Below is a brief history of the North Carolina Pottery Center written by the Current director.
A Brief History of NCPC
In response to recent letters and articles across the state regarding a fracture that has developed among Seagrove potters, the North Carolina Pottery Center (NCPC) would like to clarify issues regarding the Center and its history referenced in many of the articles. Opened in 1998 in Seagrove, the NCPC mission is to promote public awareness of North Carolina’s remarkable pottery heritage. The Center welcomes and informs visitors to the Seagrove area, enriching their experience through exhibitions and educational programs, and promoting potters working today across the state. The Center has permanent as well as changing exhibitions of contemporary and historical NC and regional pottery. Because of its museum/education mission and nonprofit status, the Center does not operate festivals nor do we create maps. Those projects are managed by other area organizations.
Raleigh architect, Frank Harmon, created the Center’s award winning design. The exhibition and education buildings were constructed on nine acres in Seagrove with $750,000 of state funding matched by $750,000 in private funds. The Center includes a 4,000 sq. ft. exhibition area, a 1,500 sq. ft. educational building, two operating kilns, and a Victorian home which, hopefully, will house a pottery library and study center. On granting the building funds, the State stipulated that the Center represent pottery-making traditions and potters from across the state, not only Seagrove.
Today, with an operating budget of close to $300,000, NCPC remains a private nonprofit, funded primarily through memberships, grants, admissions, and appropriations. The single largest income stream is the annual auction of pottery donated by potters from across the state. Randolph County has provided $25,000 in annual funds since the Center opened. The NC Department of Cultural Resources provided $13,000 in operating funds until 2006 when support was increased to $25,000. The NC Arts Council has also provided restricted grant funding for special programs such a as teacher renewal credits and pottery making projects with Seagrove Elementary School students.
The initial inspiration for the Center came from two legendary Seagrove potters, the late Dorothy (Cole) and Walter Auman. The couple opened Seagrove Pottery in 1953, at a time when there were only seven potteries remaining in the area. In 1969, they moved the old Seagrove train depot to an area behind their shop and opened the area’s first museum, the Seagrove Potter’s Museum, where they also regularly featured the work of contemporary potters. The Aumans were recipients of the first North Carolina Arts Council Folk Heritage Award in 1989, and in 1990 received the Governor’s Distinguished Service Award for Lifetime Achievement for their continuing support to the NC pottery traditions.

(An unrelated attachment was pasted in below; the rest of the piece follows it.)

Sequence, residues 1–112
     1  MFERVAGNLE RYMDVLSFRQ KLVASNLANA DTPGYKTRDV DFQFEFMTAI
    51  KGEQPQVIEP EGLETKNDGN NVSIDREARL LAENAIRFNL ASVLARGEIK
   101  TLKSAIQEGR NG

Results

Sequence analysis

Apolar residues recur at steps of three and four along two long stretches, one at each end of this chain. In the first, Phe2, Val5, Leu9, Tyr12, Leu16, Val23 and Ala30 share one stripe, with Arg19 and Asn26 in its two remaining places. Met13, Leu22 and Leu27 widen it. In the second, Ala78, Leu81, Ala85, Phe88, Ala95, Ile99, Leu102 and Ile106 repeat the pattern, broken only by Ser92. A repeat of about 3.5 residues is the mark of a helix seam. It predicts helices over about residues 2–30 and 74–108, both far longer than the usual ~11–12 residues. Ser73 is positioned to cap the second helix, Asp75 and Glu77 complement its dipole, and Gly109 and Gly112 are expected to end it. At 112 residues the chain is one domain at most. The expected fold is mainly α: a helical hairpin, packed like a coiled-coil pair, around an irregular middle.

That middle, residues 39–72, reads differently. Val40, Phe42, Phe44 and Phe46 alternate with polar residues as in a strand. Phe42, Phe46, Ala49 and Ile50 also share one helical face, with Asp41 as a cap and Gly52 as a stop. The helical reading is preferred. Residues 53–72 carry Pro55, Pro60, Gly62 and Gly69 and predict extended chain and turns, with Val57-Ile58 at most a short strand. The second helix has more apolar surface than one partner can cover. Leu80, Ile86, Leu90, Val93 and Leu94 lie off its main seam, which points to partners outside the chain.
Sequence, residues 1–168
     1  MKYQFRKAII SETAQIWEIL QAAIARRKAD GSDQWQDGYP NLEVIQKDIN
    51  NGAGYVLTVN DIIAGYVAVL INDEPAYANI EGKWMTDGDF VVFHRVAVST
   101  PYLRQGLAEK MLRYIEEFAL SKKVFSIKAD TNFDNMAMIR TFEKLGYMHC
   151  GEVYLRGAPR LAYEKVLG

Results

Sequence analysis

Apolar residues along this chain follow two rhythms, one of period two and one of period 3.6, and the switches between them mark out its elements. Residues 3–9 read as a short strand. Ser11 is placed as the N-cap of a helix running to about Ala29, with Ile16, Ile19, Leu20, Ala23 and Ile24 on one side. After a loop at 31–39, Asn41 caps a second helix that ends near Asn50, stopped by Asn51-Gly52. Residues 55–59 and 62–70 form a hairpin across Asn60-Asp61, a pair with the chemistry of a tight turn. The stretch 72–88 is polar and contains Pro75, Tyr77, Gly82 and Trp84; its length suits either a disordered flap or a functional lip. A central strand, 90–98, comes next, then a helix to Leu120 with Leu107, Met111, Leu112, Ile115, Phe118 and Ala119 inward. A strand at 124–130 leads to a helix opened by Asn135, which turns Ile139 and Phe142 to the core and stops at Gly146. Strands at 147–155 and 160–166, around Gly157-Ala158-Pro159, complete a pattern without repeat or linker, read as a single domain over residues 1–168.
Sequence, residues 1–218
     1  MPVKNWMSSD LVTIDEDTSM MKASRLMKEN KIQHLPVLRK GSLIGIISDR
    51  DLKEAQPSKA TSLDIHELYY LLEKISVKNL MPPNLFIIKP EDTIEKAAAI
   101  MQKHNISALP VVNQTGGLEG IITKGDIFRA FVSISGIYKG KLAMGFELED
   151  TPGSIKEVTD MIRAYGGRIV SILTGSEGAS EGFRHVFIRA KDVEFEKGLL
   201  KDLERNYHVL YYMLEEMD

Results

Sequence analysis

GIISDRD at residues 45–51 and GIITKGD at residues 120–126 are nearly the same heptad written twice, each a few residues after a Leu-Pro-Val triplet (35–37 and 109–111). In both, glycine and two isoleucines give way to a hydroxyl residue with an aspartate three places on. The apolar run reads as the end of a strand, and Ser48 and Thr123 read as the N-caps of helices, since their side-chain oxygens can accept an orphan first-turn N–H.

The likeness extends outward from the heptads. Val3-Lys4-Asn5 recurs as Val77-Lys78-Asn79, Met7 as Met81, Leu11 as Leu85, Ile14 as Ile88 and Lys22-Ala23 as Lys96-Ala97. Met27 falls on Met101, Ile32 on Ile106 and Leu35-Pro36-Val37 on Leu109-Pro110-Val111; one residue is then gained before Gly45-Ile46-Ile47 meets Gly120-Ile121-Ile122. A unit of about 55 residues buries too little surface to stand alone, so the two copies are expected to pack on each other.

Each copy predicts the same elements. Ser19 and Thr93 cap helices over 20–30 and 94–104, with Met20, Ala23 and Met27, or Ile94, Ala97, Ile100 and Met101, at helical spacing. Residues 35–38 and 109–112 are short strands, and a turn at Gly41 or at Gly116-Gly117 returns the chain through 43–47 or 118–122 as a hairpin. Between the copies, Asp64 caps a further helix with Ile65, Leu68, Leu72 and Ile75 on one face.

To promote the idea of a permanent pottery museum, Dorothy and Walter encouraged pottery lovers across the state to create a new organization, subsequently named the Museum of Traditional North Carolina Pottery (MTNCP). Through auctions of donated pots and gate receipts from their annual Seagrove Pottery Festival, funds were raised to purchase a nine acre tract of land and a house in Seagrove. In the late 1980s, Dorothy Auman became a founding member of the North Carolina Pottery Center. Led by the Aumans, and with the assistance of the existing members of the MTNCP, the North Carolina Arts Council, and many potters and pottery aficionados from across the state, funds were raised to match the state commitment to construct the Center’s facilities. The MTNCP then became a fundraising group, the Friends of the North Carolina Pottery Center, and managed the Seagrove Pottery Festival.
Some members of the Seagrove pottery community and the Friends group, however, believed strongly that the Center should focus only on promoting Seagrove pottery. Given the mandate of the state legislature that the Center represent the entire North Carolina pottery heritage, this became a contentious issue that could not be resolved. In 2001, the Friends group dissolved its relationship with the Center. The departing group resurrected the name MNCTP and took the rights to the Seagrove Pottery Festival. The North Carolina Pottery Center maintained ownership of the property and buildings and continues today to offer a full schedule of museum exhibitions and pottery programming, including demonstrations, workshops and student education.
Recent discussions between the NC Department of Cultural Resources and the Center’s Board were directed at solving a chronic funding shortage for operation of the Center and to expand the museum and education activities held there. Given the State’s substantial investment in the building of the Center, the Board of NCPC offered to give the assets of the organization to the Department of Cultural Resources if funds could be identified to support staff, programs, and general operating expenses. These funds are not expected to be available for the new fiscal year and the Board is now dedicating its energies to finding stable long term funding.